In Which Underdog Vampires Defeat the Amazon Overlord

Okay, okay, this post isn’t about a  battle between vampires and a mind-controlled Queen Wonder Woman. It’s just a colorful way to announce that my vampire rights novel Civil Blood is now available in non-Amazon stores.

Thanks to the lovely people and hard-working computer code at Draft2Digital, Civil Blood is now available on Barnes & Noble’s Nook, Kobo, and Apple’s iTunes. It will also be purchaseable through Bibliotheca if you want to include it in a library collection.

It’s $2.99 on these e-reader platforms, and I’m lowering the Kindle price down permanently to match it.

The books are available to be delivered September 21st, 2018. They also feature a few typo corrections and formatting changes that I did while reviewing the manuscript. Anyway, on to the links!

Nook Link

Kobo Link

iTunes/Apple iBooks Link

And don’t forget the Kindle Link for those still reading at the behest of the behemoth. (It’s okay, I own one, too.)

Happy reading!

In Which “Salem’s Lot” Meets “Law and Order”

[Want the “too long, didn’t read” version? My novel’s now available here.]

Once upon a time at a university, I took a class called “Making Monsters.” It was about teratology, the study of monsters and the history of medical aberrations. We read about hoaxes where women supposedly gave birth to rabbits, documents about feral children like the Wild Boy of Aveyron, and read the diary of Hercule Barbin, a French hermaphrodite.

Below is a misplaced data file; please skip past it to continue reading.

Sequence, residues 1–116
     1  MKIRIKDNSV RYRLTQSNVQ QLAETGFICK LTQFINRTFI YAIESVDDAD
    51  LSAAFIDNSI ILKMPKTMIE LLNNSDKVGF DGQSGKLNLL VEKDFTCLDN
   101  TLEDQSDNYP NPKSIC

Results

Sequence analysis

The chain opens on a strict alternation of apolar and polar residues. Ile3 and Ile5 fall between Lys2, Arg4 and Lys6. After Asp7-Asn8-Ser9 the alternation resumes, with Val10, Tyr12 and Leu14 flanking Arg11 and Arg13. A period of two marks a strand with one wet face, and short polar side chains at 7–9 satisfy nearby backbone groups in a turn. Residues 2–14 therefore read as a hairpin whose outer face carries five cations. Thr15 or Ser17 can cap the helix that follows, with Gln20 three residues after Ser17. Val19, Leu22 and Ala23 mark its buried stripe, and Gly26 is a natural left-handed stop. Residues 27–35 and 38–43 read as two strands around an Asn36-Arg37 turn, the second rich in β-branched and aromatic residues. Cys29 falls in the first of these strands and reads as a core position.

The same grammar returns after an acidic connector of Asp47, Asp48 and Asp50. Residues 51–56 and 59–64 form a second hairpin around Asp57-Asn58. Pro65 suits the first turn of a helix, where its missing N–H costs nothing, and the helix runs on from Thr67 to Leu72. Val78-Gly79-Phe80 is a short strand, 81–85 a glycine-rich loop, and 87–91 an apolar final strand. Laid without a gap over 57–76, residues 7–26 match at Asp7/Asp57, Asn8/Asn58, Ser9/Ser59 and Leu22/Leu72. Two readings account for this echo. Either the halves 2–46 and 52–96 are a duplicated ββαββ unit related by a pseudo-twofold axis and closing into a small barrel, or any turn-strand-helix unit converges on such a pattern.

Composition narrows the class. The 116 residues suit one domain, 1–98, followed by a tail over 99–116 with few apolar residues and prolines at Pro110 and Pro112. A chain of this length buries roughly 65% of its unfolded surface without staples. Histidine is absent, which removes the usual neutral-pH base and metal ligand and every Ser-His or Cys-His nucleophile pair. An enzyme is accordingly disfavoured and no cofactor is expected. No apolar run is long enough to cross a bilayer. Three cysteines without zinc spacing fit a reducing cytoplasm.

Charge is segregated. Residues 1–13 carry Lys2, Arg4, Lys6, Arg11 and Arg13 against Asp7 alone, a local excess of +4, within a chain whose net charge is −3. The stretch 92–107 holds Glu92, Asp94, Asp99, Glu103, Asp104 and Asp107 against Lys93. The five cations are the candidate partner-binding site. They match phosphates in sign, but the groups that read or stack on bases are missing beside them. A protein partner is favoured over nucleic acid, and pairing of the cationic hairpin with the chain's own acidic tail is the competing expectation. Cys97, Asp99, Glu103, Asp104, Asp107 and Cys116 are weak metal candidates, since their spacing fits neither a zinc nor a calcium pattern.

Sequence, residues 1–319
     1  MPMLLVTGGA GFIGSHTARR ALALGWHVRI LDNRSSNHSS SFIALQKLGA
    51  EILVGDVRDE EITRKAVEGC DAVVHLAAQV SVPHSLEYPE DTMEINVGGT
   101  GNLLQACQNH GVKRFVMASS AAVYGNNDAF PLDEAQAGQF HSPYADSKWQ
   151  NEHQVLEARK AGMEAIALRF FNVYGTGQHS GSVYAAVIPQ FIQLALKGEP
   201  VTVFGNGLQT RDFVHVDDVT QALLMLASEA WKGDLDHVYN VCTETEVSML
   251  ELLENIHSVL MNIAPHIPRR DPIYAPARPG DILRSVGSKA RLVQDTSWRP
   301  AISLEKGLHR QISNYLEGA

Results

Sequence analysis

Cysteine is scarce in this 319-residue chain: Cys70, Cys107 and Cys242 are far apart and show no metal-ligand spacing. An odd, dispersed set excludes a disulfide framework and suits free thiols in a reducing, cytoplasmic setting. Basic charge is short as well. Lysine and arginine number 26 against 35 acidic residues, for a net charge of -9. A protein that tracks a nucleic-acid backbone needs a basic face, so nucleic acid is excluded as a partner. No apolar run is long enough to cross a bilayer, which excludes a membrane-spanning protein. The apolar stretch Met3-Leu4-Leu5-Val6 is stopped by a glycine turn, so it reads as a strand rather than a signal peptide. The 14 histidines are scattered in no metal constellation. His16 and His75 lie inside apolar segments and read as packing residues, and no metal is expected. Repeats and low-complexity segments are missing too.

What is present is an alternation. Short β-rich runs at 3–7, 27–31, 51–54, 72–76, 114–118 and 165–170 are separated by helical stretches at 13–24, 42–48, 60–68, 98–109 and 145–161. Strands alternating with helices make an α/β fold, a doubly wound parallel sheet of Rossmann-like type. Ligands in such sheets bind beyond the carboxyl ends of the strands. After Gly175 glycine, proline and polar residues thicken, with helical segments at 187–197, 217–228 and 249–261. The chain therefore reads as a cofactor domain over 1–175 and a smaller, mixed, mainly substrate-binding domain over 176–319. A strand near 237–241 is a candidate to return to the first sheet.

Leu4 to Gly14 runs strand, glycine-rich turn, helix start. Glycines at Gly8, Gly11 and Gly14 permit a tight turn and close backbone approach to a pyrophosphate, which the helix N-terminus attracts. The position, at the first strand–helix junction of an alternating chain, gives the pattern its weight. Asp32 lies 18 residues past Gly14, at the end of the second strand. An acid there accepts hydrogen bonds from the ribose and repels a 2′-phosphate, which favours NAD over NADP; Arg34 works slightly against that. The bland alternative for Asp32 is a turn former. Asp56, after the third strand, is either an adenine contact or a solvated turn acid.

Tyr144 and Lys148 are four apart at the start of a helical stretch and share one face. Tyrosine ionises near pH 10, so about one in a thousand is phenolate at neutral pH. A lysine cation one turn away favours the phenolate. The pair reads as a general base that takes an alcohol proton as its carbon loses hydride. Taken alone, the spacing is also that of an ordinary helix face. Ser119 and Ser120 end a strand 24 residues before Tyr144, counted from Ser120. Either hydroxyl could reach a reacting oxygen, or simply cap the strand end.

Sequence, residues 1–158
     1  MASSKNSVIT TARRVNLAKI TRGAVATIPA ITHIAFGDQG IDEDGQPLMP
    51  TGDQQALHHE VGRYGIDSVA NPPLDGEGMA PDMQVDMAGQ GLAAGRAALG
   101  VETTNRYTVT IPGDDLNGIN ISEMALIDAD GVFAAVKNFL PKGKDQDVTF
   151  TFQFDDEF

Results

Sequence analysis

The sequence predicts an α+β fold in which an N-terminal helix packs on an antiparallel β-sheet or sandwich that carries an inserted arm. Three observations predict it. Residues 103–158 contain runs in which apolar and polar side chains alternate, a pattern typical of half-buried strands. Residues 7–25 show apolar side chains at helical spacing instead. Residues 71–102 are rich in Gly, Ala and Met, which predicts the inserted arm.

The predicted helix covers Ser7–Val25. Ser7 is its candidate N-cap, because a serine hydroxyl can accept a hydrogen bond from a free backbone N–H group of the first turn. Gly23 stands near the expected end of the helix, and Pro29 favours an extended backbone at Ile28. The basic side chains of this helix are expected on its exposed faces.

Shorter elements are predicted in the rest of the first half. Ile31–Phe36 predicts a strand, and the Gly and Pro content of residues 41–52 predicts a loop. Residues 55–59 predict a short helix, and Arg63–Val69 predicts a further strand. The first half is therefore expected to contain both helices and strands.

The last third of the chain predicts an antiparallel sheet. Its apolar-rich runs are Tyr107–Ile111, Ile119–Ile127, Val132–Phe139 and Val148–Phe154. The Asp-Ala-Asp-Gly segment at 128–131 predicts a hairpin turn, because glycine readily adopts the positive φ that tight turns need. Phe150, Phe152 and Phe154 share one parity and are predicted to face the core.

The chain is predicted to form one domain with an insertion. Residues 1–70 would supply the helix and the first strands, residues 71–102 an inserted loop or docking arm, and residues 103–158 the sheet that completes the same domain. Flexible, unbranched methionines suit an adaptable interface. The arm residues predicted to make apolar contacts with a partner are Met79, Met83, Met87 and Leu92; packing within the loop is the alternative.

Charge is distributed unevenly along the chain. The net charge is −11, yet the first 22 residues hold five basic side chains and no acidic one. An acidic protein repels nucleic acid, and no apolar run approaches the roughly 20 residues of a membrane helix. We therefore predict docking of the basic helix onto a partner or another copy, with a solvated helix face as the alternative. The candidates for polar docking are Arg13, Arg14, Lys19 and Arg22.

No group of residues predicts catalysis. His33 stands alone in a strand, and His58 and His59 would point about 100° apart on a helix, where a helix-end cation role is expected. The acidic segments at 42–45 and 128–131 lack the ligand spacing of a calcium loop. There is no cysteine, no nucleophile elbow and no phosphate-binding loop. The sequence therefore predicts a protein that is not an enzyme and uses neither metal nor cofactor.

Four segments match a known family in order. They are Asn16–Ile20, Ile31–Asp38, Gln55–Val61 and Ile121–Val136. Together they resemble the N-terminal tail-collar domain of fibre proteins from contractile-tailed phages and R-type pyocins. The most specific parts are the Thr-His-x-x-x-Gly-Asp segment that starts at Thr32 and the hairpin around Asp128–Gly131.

The class’s focus was on medical cases, but I managed to persuade my professor that I could do a term paper on the myth of the vampire. After all, I nerdily pointed out, the word “monster” is from the same Latin root as “demonstrate,” monstrare or “to show.” And in my paper, I was going to show off the societal uses of whipping up fear and exorcising it to reassure the citizens that monsters will be slain.

Fun fact, vampires as a myth evolve with what the audience has historically feared. Originally, they were ruddy-faced, bloated corpses like a peasant might find in a coffin that was being exhumed. Along the way, they gained powers and limitations here and there until we ended up with the pale, misunderstood superheroes we have today. In the 1990s, vampirism was being written about like it was a disease, and the AIDS crisis was never far from any reader’s mind when reading about a sexy lover who you want so badly, but oh, they might just kill you.

That’s when I got the idea for a novel. Because my experience was just slightly different than the fiction I was reading and the games I was playing.

This is because while I was taking that course, my wife was in another one on constitutional law. And it detailed a case of a woman who was clinically diagnosed with sex addiction. She had been involuntarily confined in a mental ward for treatment. The doctors wanted to hold her there indefinitely. She was suing for her release.

Why hold her over that? Well, she was HIV-positive. There was no doubt in the doctors’ minds that if they let her out, she’d infect people, probably without telling them of her condition. That qualified as a “danger to herself and others,” enabling them to keep her imprisoned as long as they wanted.

So my wife and I debated this scenario. Was it violating this woman’s civil rights to keep her locked up? Or should she be, for public safety? Is her addiction voluntary enough that she can be trusted to manage it?

Naturally, in the United States, we have a presumption of innocence until a person is proven guilty, but once they’ve infected once, and *are* guilty, where do you draw the line when trying to reform them? Do we make laws and policies expecting the worst of people, or the best?